In 1786, the French Comte de La Pérouse came to San Francisco, which has elaborately described. Six years later it was the British George Vancouver who visited the place; reportedly for information about the Spanish cities in the area.

    Russian traders were also very active along the North American west coast. Thus, fur traders from Russia settled and colonized the area from Alaska in the north to California Fort Ross in the south. They did so in the years from 1770 and about 70 years on. In today's San Francisco, the Russian Hill neighborhood is named after the Russian traders and sailors.

    The Mexican city
    The Spanish government weakened over the years, and in 1821 the area came under independent Mexico. It was a period when it was not only Spanish Mexicans who made a mark on the city.

    The Englishman William Richardson was the one who initiated the propagation of an urban development. In 1835, he first built his house away from the area immediately around Mission Dolores' location.

    Richardson built close to the mission's anchorage at San Francisco Bay, and along with Francisco de Haro, laid out streets for the further development of the city. At the anchorage, a settlement then emerged and it was called Yerba Buena. The name came from a plant that grew extensively at the site of settlement.

    Yerba Buena later became the name of a neighborhood in the city that is today the south of Market, which includes, among other things, Yerba Buena Gardens. The city itself was called San Francisco after the name of the first mission. The city center was a square that today is Portsmouth Square.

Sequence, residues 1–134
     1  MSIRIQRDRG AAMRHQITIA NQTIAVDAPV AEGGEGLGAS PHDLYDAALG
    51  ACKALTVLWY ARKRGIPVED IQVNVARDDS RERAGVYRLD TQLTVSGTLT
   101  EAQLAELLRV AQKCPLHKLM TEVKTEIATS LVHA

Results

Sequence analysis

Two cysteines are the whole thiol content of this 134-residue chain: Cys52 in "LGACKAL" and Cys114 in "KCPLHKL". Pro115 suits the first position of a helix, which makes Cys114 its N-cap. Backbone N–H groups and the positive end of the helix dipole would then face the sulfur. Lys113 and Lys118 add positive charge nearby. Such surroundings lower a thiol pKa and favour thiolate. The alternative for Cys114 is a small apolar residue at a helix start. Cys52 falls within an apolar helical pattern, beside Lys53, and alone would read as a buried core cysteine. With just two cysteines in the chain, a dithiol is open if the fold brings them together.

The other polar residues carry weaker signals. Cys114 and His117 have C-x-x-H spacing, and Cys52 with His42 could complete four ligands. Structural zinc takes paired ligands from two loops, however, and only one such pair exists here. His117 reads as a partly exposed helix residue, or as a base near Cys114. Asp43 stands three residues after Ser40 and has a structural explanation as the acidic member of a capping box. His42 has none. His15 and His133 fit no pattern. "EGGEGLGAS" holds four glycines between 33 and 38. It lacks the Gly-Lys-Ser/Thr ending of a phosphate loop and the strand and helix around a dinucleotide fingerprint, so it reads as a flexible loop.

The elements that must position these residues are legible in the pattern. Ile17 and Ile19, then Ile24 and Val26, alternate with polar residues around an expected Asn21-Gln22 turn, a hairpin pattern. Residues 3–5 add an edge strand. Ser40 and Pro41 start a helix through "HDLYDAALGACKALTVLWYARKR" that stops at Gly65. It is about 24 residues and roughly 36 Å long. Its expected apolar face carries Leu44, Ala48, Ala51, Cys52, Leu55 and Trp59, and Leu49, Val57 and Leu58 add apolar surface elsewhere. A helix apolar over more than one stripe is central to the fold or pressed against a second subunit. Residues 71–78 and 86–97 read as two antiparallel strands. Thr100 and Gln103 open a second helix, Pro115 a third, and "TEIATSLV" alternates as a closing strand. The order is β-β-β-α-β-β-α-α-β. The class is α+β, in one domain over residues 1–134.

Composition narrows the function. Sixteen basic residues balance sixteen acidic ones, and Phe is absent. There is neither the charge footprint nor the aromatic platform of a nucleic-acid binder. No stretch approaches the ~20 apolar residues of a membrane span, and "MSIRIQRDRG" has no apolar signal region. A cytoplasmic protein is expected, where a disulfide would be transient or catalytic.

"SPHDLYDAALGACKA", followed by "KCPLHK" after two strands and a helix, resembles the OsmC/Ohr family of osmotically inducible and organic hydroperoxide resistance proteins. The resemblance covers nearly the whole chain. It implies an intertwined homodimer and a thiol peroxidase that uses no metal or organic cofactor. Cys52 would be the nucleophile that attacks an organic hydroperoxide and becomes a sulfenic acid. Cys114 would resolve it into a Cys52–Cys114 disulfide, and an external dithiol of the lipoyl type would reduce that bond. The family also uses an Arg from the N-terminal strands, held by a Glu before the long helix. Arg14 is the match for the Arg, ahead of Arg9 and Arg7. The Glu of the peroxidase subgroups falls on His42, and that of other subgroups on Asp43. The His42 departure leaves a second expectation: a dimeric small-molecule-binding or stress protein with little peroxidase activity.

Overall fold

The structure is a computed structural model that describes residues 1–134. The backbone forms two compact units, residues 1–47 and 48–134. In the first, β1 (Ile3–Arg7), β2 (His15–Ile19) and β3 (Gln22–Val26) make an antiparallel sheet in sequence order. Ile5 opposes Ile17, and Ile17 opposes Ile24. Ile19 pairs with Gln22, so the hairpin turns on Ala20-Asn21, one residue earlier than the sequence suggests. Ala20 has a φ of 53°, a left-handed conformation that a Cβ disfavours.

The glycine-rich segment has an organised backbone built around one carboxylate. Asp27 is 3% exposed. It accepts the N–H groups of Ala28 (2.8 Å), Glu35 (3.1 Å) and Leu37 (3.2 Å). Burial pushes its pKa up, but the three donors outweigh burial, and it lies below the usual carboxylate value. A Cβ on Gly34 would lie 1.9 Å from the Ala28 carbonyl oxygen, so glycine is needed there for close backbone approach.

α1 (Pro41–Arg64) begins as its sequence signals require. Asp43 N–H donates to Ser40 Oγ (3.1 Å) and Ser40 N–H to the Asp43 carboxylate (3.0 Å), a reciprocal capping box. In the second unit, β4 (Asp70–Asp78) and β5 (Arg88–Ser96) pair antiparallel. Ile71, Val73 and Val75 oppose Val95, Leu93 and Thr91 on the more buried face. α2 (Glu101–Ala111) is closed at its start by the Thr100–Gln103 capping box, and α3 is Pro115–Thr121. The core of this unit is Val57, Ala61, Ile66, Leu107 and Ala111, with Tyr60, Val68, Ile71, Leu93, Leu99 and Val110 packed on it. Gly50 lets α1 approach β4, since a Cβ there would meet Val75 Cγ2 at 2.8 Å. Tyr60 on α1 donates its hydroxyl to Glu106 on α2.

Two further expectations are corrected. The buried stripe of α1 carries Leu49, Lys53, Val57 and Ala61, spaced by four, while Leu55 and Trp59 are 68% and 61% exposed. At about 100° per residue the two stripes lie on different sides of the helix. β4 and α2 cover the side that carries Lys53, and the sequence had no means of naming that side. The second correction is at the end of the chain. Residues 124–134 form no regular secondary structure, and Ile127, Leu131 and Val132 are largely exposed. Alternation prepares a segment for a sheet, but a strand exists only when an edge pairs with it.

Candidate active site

By the late 1830s, San Francisco had increasingly become a popular place for American settlers seeking happiness in the west. William Richardson himself got a large piece of land in Marin Country, moving to Rancho Sausalito in 1841. Richardson Bay today bears his name.

    Settlers and the United States
    In the 1840s, Yerba Buena was still a modest settlement. In the middle of the decade, some 200 people lived, but the population almost doubled when 240 Mormons sailed here to settle in 1846. One of them was Sam Brannan, who later became one of the city's wealthy people.

    The United States had become independent of British rule in the latter half, and the expanding United States came to war with Mexico. It was a war that raged in the years 1846-1847, and during the war, U.S. Navy commander John D. Sloat proclaimed California as U.S. territory.

    Sloat proclaimed the American takeover on July 7, 1846, and just two days later several warships USS Portsmouth arrived at Yerba Buena to claim the city. The crew did so by hoisting the American flag in the city's central square, which was then named Portsmouth Square to commemorate the ship the sailors had brought.

    Second Lieutenant Henry Bull's Watson became the head of the United States garrison, and Lieutenant Washington A. Bartlett became the head of the city; the so-called alcalde. Bartlett proclaimed that Yerba Buena should change his name to San Francisco, which took effect from January 30, 1847.